Trenchant, often caustic surf photographer and journalist from Honolulu, Hawaii; author of "Whatever Happened to Big-Wave Riding?" a 1983 Surfer magazine article that helped launch a resurgence of interest in big-wave surfing.
Brady was born (1949) in Honolulu, and began surfing in 1963 at Waikiki; he received a B.A. in art from Maui's Mauna Olu College in 1971, had his first Surfer article published in 1974, and his first photographs published in 1975. One year earlier, Brady and fellow surf photographer-writer Bernie Baker formed Island Style, a two-man surf media team. Hawaiian big-wave surfing was Brady's primary focus. "Have surfers turned into candyasses?" he asked in the introduction to "Whatever Happened to Big-Wave Riding?," using the mocking high-handed tone that became his signature style. When the surf hit 35-feet, Brady continued, "just a handful [of people] in their entire surfing world have it in their hearts to be out in that deep blue lineup, scrambling for the baddest of the biggest waves."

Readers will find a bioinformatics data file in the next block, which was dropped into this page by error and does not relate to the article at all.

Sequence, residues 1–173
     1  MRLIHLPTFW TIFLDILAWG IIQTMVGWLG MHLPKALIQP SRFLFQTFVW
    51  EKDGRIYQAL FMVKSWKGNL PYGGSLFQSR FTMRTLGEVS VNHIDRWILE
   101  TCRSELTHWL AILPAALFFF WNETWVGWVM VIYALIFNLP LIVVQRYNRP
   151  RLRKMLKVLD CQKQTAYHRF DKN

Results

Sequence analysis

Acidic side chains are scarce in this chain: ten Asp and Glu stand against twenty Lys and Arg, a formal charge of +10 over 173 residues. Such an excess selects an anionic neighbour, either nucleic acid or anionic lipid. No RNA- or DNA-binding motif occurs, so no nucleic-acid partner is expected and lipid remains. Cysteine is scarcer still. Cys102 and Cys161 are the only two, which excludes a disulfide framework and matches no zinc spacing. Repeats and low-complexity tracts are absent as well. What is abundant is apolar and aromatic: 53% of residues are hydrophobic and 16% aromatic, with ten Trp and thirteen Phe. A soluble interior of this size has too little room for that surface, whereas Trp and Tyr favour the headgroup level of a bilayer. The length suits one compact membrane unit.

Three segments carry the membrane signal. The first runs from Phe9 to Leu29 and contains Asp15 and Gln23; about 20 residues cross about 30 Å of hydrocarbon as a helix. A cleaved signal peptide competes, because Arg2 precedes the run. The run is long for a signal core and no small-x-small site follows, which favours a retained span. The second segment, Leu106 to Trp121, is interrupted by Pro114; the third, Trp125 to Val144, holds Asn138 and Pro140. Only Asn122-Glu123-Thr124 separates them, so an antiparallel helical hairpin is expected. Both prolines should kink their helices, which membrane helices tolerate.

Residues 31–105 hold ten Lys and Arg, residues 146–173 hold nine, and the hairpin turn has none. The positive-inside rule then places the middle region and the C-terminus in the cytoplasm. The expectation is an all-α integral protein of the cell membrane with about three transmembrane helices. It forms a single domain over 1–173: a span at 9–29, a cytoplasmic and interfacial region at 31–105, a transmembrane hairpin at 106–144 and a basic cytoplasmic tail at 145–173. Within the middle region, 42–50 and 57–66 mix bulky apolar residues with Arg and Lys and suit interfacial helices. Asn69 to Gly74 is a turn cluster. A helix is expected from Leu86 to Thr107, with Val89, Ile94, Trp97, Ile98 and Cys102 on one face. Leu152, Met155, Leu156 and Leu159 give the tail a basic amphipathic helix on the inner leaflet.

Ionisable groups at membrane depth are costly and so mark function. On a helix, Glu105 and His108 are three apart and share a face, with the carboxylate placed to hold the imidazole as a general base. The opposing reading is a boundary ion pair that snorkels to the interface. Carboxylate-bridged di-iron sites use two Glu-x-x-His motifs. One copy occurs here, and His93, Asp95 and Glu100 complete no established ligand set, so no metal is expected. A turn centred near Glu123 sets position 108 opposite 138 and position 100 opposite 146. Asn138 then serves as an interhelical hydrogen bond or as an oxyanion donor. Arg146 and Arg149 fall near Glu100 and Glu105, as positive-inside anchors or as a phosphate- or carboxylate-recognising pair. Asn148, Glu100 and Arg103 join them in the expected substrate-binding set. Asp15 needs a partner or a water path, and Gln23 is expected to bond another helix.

Subsequent Brady-written big-wave articles included "Waimea: A Short Paddle into Oblivion" (1980) and "The Return of Big-Wave Competition" (1986). The article "20 at 36" (1987) described Brady's personal quest to ride a 20-foot Waimea wave, something he accomplished at age 36. Brady moved to Hollywood in 1988 to work for screenwriter and director John Milius.